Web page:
Betty’s Garden Statue graciously and steadfastly adorns our herb & vegetable garden…”volunteer” flowers are popping up – newly planted heirloom tomatoes are in the back bed…red onions, blueberries, Italian parsley and a new petite Myer Lemon Tree are planted in the bed behind our lady with vessel statue.
The whole family comes to our yard for Easter…it’s been happening here for over 25 years. Usually there is an egg hunt, then our traditional Easter dinner, starting and ending with family favorite Italian dishes. Two to four weeks out, I begin getting the yard in shape for the onslaught of guests and egg hunters. I lucked out with the weather last week and not only got my heirloom tomatoes (seven varieties) and herbs in, but also trimmed back several small trees, bushes, and generally spruced up the lily garden etc etc etc…I just love this time of year. Below is a photo journal of my two days working in the backyard.
This weekend’s herb planting…three French lavenders and a little Italian oregano and parsley to fill in as the lavender grows in pots on our courtyard patio…the fragrance is light and lovely – Below are the beds with tomatoes and three basil plants…sweet basil, Italian basil, and a new one called blue basil (looks a lot like a small Thai basil leaf )…these various tomatoes and basils are staged for some incredible summer caprese salads…along w/ my gorgeous chives and thyme.
As I was whacking away at my bay laurel tree (inherited from my Mom’s backyard over 13 years ago), I felt badly about throwing the cut branches into the refuse bin…there were a lot of wonderful bay leaves going to waste…so I decided to dry some and bottle them as gifts for family and friends…the kids may get candy; however, the adults will go home with dried laurel bay leaves 🙂 Excellent in flavoring your sauces, soups, and many braised dishes.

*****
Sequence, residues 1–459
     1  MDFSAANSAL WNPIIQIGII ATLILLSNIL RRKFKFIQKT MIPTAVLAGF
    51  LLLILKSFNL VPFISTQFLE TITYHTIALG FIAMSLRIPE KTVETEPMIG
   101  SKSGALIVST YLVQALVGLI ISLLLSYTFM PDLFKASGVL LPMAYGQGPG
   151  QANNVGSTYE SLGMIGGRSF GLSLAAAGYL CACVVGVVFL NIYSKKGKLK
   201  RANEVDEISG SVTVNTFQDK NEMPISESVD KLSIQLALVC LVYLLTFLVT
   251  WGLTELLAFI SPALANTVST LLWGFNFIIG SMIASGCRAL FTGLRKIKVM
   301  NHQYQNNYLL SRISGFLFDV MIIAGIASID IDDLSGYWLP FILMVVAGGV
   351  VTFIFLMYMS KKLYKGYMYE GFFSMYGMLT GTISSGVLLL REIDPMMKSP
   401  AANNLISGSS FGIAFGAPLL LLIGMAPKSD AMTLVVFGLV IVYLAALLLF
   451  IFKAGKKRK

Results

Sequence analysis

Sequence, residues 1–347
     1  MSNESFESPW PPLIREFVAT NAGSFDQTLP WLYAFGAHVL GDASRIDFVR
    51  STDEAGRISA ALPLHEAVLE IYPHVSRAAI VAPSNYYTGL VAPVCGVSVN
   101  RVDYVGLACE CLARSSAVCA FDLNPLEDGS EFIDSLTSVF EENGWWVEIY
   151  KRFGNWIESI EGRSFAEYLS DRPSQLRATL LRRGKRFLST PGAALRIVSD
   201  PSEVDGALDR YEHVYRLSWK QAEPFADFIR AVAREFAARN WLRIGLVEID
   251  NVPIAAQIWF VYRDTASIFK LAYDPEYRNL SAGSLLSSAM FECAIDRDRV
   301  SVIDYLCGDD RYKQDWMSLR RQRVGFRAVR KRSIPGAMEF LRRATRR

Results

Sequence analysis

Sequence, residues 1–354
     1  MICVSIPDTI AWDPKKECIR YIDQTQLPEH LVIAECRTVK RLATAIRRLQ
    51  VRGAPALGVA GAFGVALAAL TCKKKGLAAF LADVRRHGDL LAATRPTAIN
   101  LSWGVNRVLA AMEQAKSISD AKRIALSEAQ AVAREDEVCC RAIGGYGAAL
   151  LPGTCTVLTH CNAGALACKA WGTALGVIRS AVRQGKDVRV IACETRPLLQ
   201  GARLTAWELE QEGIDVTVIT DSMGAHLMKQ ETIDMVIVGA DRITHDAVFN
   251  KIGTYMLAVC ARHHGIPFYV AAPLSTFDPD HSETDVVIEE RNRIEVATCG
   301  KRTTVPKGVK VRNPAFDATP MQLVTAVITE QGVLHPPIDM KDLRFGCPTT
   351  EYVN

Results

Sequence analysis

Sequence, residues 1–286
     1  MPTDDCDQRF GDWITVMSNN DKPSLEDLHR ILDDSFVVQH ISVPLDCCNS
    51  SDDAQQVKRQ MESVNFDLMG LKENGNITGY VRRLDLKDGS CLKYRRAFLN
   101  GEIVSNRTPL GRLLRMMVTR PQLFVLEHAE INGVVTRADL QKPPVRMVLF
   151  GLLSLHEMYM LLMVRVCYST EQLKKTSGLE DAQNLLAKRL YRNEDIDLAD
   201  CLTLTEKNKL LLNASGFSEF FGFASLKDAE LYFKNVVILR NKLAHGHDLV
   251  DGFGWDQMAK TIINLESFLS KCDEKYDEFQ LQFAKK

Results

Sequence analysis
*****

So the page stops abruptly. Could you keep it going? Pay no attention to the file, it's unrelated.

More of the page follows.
Pruned Bay Laurel Tree…hmmm, “what to do with all the leaves and cut branches”… I decided to clean them, dry them, and bottle them… (disclosure: the correct wording should be “Bay Laurel (not Laurel Bay as I have on this one label)…My sister caught the error on the first one but I am a bit lazy today and didn’t reshoot the photo… 🙁 )
These will be gifts for our Easter guests as I had lots of leaves…I used raffia that my good friend Panini Girl gave me…thank you Panini Girl 🙂
This morning, I enjoyed my cup of tea while perusing the overnight plant growth. I was dismayed to see a bit of chewed up leaves on my basil, the good news is that I planted plenty of basil…oh well, I don’t mind sharing a little bit.
Spring has certainly made its presence known in our backyard. I love this time of year. Our yard has literally sprung to life. We wake each morning to a cacophony of singing birds, scurrying lizards, and buds breaking out onto still bare branches.
When I walk down our slope, below our deck, I am delighted to see the stunning orange trumpet flowers on the clivia plants that were a long ago gift (and transplant) from my mom (Betty’s) yard. These, along with the giant white cala lilies she sent home with me some 20 years ago as dirty bulbs loosely wrapped in newspaper, bring a smile to me each year they spring back to life. Mom loved her garden and shared her plants with whoever asked. There are many clivia and cala lily plants around our area that came from her yard.